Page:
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CDC Celebrates MI Partnership in Advancing Vaccine Equity

The work of the Hispanic Center of West Michigan and the Community Foundation of the Holland/Zeeland Area is being spotlighted nationally as a model for effective partnerships in advancing vaccine equity.

Woman getting a shot

The Centers for Disease Control and Prevention (CDC) recently highlighted the work of a CMF member and local nonprofit in promoting access to COVID-19 vaccines for Hispanic/Latino residents in Grand Rapids.

The Community Foundation of the Holland/Zeeland Area (CFHZ) partnered with the Hispanic Center of Western Michigan, University of Michigan Health-West and the Kent County Health Department to provide equitable access to COVID-19 vaccines to Hispanic/Latino residents from November 2021 through January 2022 via weekly mobile vaccine clinics.

In total, 165 doses were administered in November and increased to more than 330 doses per month in December and January.

“The Hispanic Center of Western Michigan’s work around vaccine equity has made them community immunization champions, paving the way with innovative initiatives to create vaccine accessibility and educational materials,” Yadah Ramirez, program officer/college success coach at CFHZ said.

According to the CDC, the data shows that vaccination rates for Hispanics/Latinos are often lower than rates for other racial and ethnic groups.

“The Hispanic Center’s work to build community trust stems from prioritizing relationship-building with residents. These relationships have helped their organizations’ efforts to have a broader impact and lasting benefits,” Ramirez said.

To ensure success, these organizations were intentional about addressing the following barriers to vaccination:

  • Provided equitable access to information: The Hispanic Center worked to build community trust by sharing flyers conveying COVID-19 information in grocery stores and homes, and by having one-on-one conversations with many of the people receiving the information. Center staff also provided information at school meetings, and they regularly shared information and videos on social media.
  • Developed accessible and inclusive educational materials: Interpreters assisted nurses, and Spanish-speaking volunteers helped people with vaccination registration and in understanding the overall process. In addition, the center worked with bilingual doctors and community members to create educational videos in Spanish about COVID-19 vaccination.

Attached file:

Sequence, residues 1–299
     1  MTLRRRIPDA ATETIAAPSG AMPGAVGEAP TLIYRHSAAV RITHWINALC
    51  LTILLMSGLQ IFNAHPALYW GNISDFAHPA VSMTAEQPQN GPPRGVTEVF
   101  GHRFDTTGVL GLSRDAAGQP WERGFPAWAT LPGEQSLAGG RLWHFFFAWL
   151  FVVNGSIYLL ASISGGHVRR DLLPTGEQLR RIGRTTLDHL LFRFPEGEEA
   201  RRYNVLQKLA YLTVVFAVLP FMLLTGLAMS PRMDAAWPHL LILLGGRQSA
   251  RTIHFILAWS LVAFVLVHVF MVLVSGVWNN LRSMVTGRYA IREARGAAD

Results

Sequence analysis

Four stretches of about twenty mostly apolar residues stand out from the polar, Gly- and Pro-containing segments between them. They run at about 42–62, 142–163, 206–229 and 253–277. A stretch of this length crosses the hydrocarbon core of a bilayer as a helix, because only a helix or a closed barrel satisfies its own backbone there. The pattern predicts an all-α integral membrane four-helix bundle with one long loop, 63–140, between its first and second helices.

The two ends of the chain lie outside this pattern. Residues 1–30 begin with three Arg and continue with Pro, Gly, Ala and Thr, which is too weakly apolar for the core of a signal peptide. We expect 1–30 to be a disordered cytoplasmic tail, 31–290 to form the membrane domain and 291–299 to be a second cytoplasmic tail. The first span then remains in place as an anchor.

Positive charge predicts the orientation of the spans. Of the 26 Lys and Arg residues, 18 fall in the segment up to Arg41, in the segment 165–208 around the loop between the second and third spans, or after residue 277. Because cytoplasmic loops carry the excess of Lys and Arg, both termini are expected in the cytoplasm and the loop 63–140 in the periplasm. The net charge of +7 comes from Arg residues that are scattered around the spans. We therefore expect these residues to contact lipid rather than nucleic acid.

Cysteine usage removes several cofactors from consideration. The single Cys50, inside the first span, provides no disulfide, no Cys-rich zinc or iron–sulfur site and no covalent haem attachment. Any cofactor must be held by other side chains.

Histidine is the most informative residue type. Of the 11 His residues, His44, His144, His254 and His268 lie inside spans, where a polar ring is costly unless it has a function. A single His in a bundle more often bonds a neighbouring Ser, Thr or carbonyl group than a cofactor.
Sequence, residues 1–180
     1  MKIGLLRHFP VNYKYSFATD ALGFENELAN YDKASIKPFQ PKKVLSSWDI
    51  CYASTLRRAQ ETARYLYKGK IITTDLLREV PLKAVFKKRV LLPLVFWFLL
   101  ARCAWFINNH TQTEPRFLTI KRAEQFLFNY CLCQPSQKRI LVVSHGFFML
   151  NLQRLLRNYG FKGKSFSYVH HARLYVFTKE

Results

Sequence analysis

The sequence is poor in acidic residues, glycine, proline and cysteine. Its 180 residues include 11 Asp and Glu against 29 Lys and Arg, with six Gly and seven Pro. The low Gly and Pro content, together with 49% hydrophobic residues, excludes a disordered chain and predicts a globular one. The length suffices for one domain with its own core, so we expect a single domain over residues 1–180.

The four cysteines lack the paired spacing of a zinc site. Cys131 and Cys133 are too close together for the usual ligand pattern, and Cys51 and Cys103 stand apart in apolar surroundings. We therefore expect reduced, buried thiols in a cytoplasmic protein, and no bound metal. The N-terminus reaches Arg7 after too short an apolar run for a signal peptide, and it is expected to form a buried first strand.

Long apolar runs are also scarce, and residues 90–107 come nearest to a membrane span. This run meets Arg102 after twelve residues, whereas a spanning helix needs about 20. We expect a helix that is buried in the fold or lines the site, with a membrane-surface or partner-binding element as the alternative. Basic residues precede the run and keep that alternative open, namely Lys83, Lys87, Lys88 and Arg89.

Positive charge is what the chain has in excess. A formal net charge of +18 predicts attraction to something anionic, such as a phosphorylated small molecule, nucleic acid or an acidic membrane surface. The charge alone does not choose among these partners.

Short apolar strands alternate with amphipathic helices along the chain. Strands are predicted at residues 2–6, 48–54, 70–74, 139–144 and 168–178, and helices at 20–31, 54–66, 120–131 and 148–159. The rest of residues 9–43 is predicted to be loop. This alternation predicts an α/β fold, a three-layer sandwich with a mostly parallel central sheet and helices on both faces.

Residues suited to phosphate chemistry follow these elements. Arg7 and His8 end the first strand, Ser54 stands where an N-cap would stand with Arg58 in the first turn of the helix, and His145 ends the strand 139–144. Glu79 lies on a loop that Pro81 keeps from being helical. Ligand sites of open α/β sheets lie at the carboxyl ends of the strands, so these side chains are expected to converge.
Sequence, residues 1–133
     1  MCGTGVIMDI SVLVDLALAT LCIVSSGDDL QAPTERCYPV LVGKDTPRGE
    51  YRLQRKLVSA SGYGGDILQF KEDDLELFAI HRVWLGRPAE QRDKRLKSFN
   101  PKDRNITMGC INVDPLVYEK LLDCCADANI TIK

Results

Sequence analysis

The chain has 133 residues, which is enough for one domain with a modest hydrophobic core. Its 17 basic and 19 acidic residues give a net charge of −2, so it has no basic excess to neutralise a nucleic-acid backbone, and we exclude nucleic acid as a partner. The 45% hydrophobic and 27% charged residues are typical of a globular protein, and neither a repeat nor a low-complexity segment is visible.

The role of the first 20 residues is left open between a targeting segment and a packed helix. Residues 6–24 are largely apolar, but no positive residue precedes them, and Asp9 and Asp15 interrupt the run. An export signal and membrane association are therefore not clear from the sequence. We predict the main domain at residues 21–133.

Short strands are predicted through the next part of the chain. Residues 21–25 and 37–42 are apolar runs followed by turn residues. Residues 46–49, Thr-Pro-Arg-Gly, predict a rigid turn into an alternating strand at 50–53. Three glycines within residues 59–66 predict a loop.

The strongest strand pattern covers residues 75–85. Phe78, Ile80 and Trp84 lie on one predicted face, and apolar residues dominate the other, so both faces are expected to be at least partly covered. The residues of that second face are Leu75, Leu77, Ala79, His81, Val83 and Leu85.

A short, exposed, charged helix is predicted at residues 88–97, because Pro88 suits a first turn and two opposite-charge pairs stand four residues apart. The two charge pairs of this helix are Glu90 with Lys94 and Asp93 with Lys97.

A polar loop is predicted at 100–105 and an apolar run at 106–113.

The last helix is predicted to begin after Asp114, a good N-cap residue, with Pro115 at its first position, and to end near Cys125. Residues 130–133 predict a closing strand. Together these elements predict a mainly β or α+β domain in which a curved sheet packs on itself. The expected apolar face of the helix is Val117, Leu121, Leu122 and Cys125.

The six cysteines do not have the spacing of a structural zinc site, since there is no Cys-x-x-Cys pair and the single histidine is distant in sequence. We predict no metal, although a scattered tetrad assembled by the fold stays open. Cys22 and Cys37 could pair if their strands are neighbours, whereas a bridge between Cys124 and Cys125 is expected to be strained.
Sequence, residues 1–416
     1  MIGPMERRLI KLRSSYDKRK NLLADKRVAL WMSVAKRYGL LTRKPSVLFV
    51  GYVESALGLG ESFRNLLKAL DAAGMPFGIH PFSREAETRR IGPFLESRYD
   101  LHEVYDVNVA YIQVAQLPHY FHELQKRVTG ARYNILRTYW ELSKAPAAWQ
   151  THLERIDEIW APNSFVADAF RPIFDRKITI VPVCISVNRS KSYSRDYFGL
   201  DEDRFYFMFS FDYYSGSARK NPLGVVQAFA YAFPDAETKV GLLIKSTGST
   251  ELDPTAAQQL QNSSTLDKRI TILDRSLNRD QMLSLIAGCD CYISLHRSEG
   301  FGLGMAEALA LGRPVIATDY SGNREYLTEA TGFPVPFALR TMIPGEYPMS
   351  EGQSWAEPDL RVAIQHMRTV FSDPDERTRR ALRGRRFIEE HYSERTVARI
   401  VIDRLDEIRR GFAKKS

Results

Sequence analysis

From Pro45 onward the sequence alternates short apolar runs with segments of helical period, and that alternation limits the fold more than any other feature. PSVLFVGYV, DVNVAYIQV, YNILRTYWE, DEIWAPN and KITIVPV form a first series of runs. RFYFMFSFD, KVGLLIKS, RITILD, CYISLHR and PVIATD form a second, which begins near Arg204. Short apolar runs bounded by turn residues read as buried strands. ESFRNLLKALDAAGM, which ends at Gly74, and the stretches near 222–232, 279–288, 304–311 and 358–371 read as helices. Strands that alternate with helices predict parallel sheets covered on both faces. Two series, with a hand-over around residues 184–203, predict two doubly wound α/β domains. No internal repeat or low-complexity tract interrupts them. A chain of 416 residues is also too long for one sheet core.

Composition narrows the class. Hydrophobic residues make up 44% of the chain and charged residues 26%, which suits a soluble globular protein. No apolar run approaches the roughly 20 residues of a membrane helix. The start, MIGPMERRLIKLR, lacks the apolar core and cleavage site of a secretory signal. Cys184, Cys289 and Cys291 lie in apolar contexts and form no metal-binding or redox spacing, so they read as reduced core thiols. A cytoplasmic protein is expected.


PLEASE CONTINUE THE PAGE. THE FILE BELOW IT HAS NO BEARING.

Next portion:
• Addressed transportation challenges: The Hispanic Center provided bus passes for people coming to the mobile vaccination site in the center’s parking lot.
  • Eliminated the requirement of state identification and/or proof of health insurance at vaccine clinics: According to the CDC, Hispanic people are the largest population segment without health insurance coverage in the nation. Hispanic people without documentation may fear their information will be recorded and shared with immigration authorities.

CFHZ has been working to support vaccine access and equity in the community it serves as an implementation partner.

“For over a year now, these community nonprofit partners have strategized best practices for providing the Hispanic/Latino community with improved access to information about COVID vaccines and boosters and their benefits,” Ramirez said.  

According to Ramirez, the community foundation led convenings with their community partners monthly to exchange best practices and foster shared learning.  

“We will support vaccine equity and overall health equity moving forward by continuing to provide the opportunity and resources for community collaborations because we know that collaborations among community partners lead to community-centered solutions,” Ramirez said.

Want more?

Read the CDC’s full story.